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Via v. Clarke

United States District Court, W.D. Virginia, Roanoke Division

June 12, 2014

BARRY L. VIA, a/k/a Zayd Abdul Muhammad, Petitioner,
HAROLD W. CLARKE, Respondent.


SAMUEL G. WILSON, District Judge.

Barry L. Via, a/k/a Zayd Abdul Muhammad, ("Via"), filed this petition for habeas corpus pursuant to 28 U.S.C. § 2254, claiming that Respondent was holding him at Red Onion State Prison past his "court ordered" release date in violation of the Eighth and Fourteenth Amendments. Several weeks after Via filed his petition, however, the Virginia Department of Corrections ("VDOC") released him. Discerning no continuing collateral consequences, the court concludes that Via's claims are now moot and dismisses them.


Via is a former inmate of the Red Onion State Prison in Virginia. While incarcerated, Via filed numerous prison grievances claiming the VDOC was forcing him to serve a sentence longer than what the court originally imposed. According to Via, the VDOC was required to release him by at least August 6, 2013. Via calculated this date based upon an advisory memo sent to Via by the VDOC on February 14, 2013. That memo estimated Via's "good time" release date would be August 6, 2014 but incorrectly stated Via's total sentence. (Pet'r's Ex. H ECF No. 1-3) When the VDOC finally corrected Via's total sentence by reducing it by 12 months, [1] Via believed it would likewise reduce his "good time" release date by the same amount. However, the advisory memo from the VDOC to Via stated a different good time release date of November 19, 2013, (Pet'r's Ex. I, ECF No. 1-3), which Via claims the VDOC intentionally miscalculated. (ECF No. 1-2 at 6) The VDOC denied Via's complaints and explained that it had properly calculated his good time release date.[2]

After exhausting the prison's grievance procedures, Via filed a state habeas petition, claiming the VDOC violated his Eighth and Fourteenth Amendment rights by forcing him to serve time not ordered by the court. On September 30, 2013, the Virginia Supreme Court denied Via's petition as untimely under Va. Code § 8.01-654(A)(2). Via then petitioned this court for a writ of habeas corpus, pursuant to 28 U.S.C. § 2254, asserting the same claims. Via asks the court to invalidate the excess portion of his sentence and direct his immediate release. (ECF No. 1 at 14) Approximately three weeks later, on November 19, 2013, the VDOC released Via.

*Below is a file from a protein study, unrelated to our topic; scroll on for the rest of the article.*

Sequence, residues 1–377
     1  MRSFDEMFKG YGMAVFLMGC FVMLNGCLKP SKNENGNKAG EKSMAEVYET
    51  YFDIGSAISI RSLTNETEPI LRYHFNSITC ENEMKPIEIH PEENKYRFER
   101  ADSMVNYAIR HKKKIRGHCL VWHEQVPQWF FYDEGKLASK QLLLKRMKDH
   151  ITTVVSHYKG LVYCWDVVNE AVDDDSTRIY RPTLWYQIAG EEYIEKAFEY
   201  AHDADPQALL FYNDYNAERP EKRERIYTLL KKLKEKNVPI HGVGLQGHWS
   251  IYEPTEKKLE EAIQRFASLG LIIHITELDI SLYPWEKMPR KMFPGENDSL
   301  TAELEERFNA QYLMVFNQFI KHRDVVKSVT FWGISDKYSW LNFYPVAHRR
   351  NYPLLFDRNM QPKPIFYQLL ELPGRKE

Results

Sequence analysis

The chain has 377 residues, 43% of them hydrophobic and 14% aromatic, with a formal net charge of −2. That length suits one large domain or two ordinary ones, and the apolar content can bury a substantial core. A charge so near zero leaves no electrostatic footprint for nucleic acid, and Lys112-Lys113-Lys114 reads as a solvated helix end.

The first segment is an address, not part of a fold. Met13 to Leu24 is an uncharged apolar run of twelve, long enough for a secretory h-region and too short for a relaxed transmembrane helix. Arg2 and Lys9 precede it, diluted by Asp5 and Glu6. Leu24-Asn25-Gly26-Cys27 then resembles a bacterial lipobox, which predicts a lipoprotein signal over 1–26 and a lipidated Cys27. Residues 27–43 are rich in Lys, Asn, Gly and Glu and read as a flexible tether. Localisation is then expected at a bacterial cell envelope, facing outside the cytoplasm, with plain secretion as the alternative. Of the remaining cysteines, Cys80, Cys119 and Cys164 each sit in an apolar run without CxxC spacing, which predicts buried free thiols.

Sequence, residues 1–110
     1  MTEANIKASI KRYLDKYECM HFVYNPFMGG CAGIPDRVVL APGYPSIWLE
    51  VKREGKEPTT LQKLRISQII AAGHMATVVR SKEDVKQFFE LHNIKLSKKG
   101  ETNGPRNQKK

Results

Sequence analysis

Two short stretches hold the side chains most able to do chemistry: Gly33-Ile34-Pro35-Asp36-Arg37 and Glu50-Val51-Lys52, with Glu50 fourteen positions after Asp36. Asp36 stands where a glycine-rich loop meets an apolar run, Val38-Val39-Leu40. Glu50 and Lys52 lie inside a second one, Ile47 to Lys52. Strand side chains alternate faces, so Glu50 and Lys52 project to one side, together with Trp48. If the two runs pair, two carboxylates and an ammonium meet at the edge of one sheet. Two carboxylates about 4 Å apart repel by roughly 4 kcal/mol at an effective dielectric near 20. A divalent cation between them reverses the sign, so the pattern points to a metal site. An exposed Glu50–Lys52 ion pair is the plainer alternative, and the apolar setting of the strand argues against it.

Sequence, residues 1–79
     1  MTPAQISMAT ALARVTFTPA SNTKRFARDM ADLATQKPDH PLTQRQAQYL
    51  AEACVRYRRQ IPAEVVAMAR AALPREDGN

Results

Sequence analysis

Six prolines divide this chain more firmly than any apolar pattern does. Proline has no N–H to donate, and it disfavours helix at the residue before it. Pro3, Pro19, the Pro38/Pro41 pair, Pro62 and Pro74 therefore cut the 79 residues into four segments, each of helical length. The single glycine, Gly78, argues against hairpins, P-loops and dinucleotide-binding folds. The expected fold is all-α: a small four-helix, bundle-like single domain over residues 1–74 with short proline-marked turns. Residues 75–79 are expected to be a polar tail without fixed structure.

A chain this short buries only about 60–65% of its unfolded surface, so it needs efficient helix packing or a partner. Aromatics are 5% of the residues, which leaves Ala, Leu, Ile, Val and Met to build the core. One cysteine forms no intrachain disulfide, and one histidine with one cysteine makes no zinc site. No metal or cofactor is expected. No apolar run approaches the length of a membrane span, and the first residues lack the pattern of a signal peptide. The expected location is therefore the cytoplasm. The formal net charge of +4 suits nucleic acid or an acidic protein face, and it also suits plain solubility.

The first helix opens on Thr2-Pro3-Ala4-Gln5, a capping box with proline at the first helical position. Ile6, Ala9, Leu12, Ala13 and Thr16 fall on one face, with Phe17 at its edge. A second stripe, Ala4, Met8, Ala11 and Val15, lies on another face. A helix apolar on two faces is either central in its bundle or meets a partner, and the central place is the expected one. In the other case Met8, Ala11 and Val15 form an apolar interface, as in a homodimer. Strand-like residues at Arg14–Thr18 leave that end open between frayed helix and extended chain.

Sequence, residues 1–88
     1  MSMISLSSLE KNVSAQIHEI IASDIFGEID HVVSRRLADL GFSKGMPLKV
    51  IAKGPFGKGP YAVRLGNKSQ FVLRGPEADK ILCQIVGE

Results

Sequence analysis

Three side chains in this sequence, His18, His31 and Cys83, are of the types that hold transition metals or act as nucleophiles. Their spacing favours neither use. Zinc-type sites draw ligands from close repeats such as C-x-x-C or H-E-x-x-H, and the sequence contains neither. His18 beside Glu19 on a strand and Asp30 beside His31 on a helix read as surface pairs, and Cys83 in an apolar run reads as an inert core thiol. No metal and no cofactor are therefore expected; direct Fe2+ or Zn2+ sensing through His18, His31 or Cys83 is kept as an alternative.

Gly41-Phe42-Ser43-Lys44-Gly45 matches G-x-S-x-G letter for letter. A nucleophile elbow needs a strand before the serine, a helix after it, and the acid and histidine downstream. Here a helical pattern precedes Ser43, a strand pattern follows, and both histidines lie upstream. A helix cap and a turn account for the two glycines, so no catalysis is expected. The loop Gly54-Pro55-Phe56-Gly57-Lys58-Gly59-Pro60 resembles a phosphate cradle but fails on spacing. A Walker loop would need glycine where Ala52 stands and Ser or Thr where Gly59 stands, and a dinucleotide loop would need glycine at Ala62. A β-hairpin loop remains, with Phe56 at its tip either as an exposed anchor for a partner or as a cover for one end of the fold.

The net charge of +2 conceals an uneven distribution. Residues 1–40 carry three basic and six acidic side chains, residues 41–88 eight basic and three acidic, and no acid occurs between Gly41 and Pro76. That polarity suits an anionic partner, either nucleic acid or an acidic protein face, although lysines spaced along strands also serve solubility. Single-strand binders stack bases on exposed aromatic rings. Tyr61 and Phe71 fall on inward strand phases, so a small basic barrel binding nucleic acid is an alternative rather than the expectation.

Respondent then filed a motion to dismiss, arguing that Via's claims had become moot. Before ruling on Respondent's motion, the court directed the parties to address the applicability and reasoning of Townes v. Jarvis , 577 F.3d 543 (4th Cir. 2009), which found that an inmate's release on parole did not necessarily render his habeas petition moot.


The court now finds that because Via points to no evidence of continuing collateral consequences caused by Respondent's alleged miscalculations and because Via has received the relief he initially sought, Via's claims are moot. Accordingly, the court will grant Respondent's motion to dismiss.

Generally, a case becomes moot when "the issues presented are no longer live or the parties lack a legally cognizable interest in the outcome." Powell v. McCormack , 395 U.S. 486, 496 (1969). Even if a case was live at its inception, an actual controversy must exist during all stages of litigation. "This means that, throughout the litigation, the [petitioner] must have suffered, or be threatened with, an actual injury traceable to the defendant and likely to be redressed by a favorable judicial decision.'" Spencer v. Kemna , 523 U.S. 1, 7 (1998) (quoting Lewis v. Continental Bank Corp. , 494 U.S. 472, 477-78 (1990)). Where the petitioner's sentence has expired, there must be "some concrete and continuing injury other than the now-ended incarceration or parole-some collateral consequence' of the conviction-must exist if the suit is to be maintained." Id . The Supreme Court has presumed that a wrongful criminal conviction has continuing collateral consequences. Id . at 8. But the Supreme Court has refused to extend a presumption of collateral consequences to other areas, such as parole revocation. Id . at 14. Thus, where a petitioner does not challenge his or her underlying conviction(s), the suit's subsistence typically requires that continuing collateral consequences be proved. See id. at 8.

Because Via does not challenge his underlying convictions, then, he must demonstrate continuing collateral consequences caused by Respondent's alleged miscalculations. Unlike the petitioner in Townes v. Jarvis , who maintained that, even after the VDOC released him, the Virginia Parole Board's earlier conduct continued to affect the length of his parole, 577 F.3d at 547, Via points to no continuing harm.[3] Via has received the object of his petition: release. With no continuing collateral consequences, Via's habeas claims are moot, and the court will grant Respondent's motion to dismiss.[4]


For the reasons stated, the court grants Respondent's motion to dismiss.

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